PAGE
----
Going back to my comparison, if you looked at an inexpensive notebook vs an iPad: They both have a processor, a screen, an operating system and can both browse the web and look at documents. But they aren't the same class of device. Yes if you had say $500 and didn't have either you might weigh up between the two, after all you want something that can browse the web and look at documents, but that does not make them in the same class. Same price yes. You might even choose the laptop because it 'does more' and that's fine as well. But that doesn't mean it was designed to compete against each other.
I can also buy two very different class of cars for the same price. I have to weight up what my needs are, as an individual, but that doesn't mean those two cars are competing in the same segment, as what you are weighing up are whether you are going to choose a car from one class or another.
Last example: I have $500 and I want a nice watch, but I also want an iPad. I can only buy one. Does that mean that iPads are competing against watches too? What if I want a decent suit? Or a piece of artwork, or a night away in a luxury hotel? Are all these things competing in the same class or are they competing for my dollars as a personal choice?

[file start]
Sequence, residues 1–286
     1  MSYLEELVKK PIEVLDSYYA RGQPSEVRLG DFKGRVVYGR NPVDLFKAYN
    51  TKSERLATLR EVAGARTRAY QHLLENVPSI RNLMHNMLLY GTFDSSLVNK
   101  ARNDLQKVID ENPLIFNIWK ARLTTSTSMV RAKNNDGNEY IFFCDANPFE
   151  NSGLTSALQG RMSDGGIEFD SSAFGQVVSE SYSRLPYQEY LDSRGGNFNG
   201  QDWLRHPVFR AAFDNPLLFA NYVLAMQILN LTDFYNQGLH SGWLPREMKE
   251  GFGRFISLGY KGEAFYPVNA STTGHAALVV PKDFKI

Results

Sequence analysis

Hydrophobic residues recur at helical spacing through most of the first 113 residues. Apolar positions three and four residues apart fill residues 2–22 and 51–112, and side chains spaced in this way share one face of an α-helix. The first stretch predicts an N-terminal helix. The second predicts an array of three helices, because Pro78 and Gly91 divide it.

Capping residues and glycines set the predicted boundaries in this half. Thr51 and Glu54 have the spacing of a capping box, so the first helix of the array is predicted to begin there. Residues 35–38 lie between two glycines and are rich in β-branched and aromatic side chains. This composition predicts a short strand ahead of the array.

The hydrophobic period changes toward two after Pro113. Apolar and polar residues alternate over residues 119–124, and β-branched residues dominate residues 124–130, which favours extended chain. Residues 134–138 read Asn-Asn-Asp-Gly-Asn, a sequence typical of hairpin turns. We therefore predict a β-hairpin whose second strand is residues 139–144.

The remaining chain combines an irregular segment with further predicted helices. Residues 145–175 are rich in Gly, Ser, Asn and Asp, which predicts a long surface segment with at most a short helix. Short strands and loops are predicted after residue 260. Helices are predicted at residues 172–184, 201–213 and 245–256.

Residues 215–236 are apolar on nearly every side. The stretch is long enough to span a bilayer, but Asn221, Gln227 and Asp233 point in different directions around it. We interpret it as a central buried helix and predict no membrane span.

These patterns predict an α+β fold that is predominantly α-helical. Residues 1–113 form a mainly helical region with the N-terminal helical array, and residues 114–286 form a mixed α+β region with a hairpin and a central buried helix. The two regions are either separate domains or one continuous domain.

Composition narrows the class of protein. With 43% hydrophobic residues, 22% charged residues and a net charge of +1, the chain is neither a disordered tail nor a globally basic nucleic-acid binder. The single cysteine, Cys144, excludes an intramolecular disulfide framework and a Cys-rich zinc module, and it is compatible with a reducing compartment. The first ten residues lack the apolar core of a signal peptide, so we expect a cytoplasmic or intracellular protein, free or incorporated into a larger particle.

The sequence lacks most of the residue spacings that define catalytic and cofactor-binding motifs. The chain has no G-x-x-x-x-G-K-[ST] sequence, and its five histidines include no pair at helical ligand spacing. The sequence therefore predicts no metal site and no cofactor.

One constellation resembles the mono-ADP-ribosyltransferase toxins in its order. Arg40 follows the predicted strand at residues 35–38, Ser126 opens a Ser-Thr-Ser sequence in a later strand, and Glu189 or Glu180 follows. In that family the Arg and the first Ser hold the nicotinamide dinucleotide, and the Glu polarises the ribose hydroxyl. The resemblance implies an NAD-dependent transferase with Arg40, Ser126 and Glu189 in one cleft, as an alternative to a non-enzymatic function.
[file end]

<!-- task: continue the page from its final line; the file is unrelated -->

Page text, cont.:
I love all the comparisons to the D800 in the comments here (and to some extent in the reviews), but here's the thing:
bobbarber: I have a comment on the "performance" discussion on this thread. I do not own this camera, nor do I own a FF Nikon or Canon. But I do own MILCs and a DSLR.
DSLRs are snappier and more responsive. No question. However, in other ways they are less capable. For example, you get much better information in the viewfinder of a mirrorless camera, and you can do manual focus much better. It is no contest. When you can do a 10x zoom on a subject at a wide aperture, you can nail the focus every time. This is handy for very fast lenses, or macro shooting, etc. If the argument is, "DSLRs can do that too, in live view," well, yes they can, but only slowly. Very slowly. And only on the back screen. So even performance is difficult to define. This camera might perform better for some people, in the kind of shooting that they like to do, than the corresponding DSLR.